Recently, my one and only, decided that our expensive, non-stick Scan Pans were poisoning our food with plastic chemicals and that we would return to using only my lovely set of aluminum-clad, stainless pans. When I complained that my clean-up time would be quadrupled, he agreed to be my pan washer. Fair enough.
Now I have to bite my tongue to keep from suggesting that his pan-washing methods don’t meet my standards, mostly because of his profligate use of paper towels. I recognize that my feeble efforts to minimize my footprint on this earth don’t make even a wee bit of difference, but yet I try to be conservative in the use of resources if only to make myself feel holier-than-thou.
Also, as you who cook know, washing the pans is only small part of the kitchen clean-up job. I have acres of granite counter tops that camouflage every thing, of every color, including cat food, screws, rubber bands, even phones (placed screen side up), that need to be wiped down to prevent runaway science project growth and large scale ant farms. Couple those discreet counter tops with a gas range, diabolically designed by someone who has never in his life cleaned a stove top, that cradles every speck of oil, oatmeal, and pasta sauce in its maze of ridges and cracks, and you have an idea of the scope of routine “pan washing”. Then add to all of that, my white porcelain sink is anal retentive about hanging on to each bit of cat food and vegetable matter, making every effort to incorporate their myriad colors into its pristine, white finish.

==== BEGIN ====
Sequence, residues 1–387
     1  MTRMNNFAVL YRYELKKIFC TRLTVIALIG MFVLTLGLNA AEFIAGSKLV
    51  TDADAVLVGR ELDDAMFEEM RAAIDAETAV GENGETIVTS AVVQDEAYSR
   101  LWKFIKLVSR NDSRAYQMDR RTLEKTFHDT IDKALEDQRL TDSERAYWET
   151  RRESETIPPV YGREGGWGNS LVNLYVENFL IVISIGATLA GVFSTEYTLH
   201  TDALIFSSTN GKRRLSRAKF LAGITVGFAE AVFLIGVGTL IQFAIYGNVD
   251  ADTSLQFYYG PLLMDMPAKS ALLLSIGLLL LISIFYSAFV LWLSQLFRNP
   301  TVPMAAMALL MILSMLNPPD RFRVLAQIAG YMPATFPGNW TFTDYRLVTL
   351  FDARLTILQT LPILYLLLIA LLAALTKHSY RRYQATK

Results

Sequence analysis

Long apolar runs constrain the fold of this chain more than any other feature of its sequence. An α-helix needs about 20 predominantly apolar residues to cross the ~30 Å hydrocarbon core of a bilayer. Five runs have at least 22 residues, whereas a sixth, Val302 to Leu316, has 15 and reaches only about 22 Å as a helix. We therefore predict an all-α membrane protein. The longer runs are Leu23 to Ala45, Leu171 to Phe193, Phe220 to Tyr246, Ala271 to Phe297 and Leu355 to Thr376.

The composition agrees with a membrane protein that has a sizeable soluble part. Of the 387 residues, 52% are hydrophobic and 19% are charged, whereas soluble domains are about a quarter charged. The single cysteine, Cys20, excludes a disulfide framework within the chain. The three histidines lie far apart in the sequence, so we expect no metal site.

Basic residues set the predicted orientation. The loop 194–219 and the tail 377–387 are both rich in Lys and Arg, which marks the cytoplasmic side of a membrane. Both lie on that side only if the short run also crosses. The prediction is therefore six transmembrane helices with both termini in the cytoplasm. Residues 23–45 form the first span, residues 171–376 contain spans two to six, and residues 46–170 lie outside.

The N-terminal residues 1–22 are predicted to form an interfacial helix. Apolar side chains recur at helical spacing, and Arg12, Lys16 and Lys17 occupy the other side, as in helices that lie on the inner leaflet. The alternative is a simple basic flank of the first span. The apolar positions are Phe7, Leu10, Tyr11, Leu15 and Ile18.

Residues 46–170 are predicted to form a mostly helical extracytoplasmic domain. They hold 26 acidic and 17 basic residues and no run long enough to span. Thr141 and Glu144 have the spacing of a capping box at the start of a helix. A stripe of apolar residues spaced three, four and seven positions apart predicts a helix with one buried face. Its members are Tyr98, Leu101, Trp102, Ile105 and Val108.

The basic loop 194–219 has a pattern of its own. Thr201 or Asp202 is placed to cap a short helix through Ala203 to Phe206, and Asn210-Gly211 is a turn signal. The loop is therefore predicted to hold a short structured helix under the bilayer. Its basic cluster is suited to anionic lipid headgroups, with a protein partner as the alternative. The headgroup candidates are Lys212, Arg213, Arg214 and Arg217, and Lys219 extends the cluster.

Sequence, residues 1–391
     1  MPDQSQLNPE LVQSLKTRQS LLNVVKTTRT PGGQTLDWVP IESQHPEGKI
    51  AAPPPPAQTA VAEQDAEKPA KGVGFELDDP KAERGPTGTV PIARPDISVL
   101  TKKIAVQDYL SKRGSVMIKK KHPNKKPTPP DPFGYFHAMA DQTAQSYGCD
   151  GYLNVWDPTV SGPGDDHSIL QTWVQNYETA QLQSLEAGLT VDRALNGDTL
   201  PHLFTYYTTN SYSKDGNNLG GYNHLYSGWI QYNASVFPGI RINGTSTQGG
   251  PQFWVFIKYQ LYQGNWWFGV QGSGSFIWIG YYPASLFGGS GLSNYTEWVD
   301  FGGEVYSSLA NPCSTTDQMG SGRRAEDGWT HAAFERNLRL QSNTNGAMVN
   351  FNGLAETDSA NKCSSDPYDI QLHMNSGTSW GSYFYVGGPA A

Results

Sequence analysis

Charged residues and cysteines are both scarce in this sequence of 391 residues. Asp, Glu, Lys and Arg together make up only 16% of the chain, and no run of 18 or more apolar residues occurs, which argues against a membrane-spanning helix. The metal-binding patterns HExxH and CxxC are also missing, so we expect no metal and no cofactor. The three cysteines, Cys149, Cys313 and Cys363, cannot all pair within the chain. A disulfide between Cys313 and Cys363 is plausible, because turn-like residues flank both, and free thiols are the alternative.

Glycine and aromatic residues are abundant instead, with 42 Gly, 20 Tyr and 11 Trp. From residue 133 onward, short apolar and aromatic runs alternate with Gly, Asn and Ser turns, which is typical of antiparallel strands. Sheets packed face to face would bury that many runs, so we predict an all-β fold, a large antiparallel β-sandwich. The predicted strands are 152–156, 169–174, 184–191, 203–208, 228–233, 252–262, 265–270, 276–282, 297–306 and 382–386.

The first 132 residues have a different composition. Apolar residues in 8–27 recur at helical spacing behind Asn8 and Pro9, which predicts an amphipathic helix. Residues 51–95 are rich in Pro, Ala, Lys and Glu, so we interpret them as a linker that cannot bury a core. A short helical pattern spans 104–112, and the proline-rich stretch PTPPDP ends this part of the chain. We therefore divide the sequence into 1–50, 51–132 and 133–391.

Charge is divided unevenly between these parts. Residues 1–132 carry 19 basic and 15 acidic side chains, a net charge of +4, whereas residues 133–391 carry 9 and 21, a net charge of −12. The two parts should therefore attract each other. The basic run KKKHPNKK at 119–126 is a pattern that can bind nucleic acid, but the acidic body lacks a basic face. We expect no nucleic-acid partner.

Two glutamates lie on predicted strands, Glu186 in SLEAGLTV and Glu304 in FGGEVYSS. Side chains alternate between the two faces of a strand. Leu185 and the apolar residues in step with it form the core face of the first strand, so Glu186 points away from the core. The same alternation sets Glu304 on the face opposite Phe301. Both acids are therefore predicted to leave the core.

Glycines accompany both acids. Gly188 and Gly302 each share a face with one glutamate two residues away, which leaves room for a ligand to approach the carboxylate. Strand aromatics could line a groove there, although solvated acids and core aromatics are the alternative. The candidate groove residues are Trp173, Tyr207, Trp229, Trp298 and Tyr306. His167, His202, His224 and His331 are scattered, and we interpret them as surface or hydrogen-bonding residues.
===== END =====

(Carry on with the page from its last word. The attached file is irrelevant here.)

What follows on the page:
So, yesterday, he was facing the job of cleaning a pan in which he had cooked eggs at too high a temperature and made the oil and egg residue a permanent part of the pan. He suggested taking it out to his workshop to clean it with a wire brush attachment on his drill and asked my thoughts about it. I offered the idea of using the Kleen King Stainless Steel and Copper Cleaner that I keep under the sink for such emergencies.
“Where do you keep that? he asked and I pointed under the sink.
“Oh, it does require some elbow grease as it’s a very fine abrasive.”, I warned, knowing his attention deficit when it comes to cleaning.
After a couple of minutes he asked, “Where do you keep the elbow grease?”